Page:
There’s a moment in Alina Bronsky’s The Hottest Dishes of the Tartar Cuisine when Rosa, the book’s comically antiheroic narrator, tries to restore order to a chaotic situation. Rosa’s granddaughter, Aminat, has become violently ill, and their flatmate Dieter has started to panic. Rosa, who prides herself on her unfailing sangfroid and icy composure, attempts to take control:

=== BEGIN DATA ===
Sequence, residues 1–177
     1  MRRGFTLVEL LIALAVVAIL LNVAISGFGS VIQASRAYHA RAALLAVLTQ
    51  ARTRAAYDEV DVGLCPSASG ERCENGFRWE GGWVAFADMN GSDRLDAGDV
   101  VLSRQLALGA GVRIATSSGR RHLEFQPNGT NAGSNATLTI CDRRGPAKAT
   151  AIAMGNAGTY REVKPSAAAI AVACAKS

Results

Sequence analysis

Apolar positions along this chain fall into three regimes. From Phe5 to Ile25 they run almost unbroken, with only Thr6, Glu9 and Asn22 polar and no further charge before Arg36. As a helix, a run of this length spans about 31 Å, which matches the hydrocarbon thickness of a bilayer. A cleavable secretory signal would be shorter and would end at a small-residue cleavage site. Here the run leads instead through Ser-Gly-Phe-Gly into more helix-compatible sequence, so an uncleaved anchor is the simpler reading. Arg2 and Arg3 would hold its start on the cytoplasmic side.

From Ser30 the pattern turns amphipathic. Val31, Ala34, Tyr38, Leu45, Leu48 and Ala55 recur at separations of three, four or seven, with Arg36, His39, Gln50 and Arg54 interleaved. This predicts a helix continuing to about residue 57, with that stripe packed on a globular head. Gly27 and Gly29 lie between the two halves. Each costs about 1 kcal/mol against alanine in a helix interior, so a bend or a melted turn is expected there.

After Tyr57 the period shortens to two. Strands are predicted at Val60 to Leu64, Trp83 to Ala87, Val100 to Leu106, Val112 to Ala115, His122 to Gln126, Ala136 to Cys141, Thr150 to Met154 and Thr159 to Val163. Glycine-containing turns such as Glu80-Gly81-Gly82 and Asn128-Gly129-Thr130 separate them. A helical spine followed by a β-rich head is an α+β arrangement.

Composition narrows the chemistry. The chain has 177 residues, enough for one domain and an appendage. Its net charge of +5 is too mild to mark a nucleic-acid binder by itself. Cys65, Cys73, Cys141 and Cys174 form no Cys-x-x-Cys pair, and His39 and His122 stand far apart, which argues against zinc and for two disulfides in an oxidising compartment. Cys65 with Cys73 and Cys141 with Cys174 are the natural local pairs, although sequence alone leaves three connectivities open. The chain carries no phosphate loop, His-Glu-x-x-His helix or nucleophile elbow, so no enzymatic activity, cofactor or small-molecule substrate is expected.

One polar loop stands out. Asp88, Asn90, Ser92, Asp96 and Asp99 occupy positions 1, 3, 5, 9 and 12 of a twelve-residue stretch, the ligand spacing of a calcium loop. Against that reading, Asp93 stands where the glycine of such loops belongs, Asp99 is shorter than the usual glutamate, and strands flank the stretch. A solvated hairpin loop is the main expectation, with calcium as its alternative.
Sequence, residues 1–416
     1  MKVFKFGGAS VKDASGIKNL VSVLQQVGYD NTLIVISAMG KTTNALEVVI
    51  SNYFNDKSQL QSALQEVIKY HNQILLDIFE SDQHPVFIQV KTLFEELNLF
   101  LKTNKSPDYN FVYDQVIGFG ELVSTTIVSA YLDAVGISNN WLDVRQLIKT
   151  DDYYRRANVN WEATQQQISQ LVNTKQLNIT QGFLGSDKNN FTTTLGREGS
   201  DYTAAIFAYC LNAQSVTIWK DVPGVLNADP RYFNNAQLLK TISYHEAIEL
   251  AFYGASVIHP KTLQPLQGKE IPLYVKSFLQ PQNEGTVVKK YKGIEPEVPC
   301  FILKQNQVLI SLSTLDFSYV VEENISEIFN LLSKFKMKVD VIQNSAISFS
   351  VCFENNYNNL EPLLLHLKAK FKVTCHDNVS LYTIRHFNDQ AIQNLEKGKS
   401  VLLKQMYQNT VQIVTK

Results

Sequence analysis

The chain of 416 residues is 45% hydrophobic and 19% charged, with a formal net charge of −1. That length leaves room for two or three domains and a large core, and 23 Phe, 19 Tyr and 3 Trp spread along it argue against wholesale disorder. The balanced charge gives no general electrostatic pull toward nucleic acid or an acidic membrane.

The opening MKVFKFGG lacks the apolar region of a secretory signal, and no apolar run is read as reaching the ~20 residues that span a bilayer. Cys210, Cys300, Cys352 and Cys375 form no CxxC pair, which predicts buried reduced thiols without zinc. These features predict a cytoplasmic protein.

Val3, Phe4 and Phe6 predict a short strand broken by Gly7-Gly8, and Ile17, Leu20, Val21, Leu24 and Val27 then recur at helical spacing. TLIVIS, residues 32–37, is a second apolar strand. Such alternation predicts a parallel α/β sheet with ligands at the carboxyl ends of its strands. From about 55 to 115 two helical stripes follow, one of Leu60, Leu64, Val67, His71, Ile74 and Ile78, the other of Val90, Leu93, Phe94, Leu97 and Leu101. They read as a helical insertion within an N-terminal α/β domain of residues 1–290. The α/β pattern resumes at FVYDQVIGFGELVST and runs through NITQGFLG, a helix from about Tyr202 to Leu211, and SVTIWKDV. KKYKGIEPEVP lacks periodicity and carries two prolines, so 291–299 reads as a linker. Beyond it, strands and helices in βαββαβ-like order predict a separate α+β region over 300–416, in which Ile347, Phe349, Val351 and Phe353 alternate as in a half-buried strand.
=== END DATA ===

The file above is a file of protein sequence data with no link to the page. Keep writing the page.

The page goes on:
“Calm down, calm down,” I said. “This is Germany. Nothing bad happens to people here.”
Dieter looked at me as if I were crazy. He often looked at me that way.
Dieter’s not the only one. It ...
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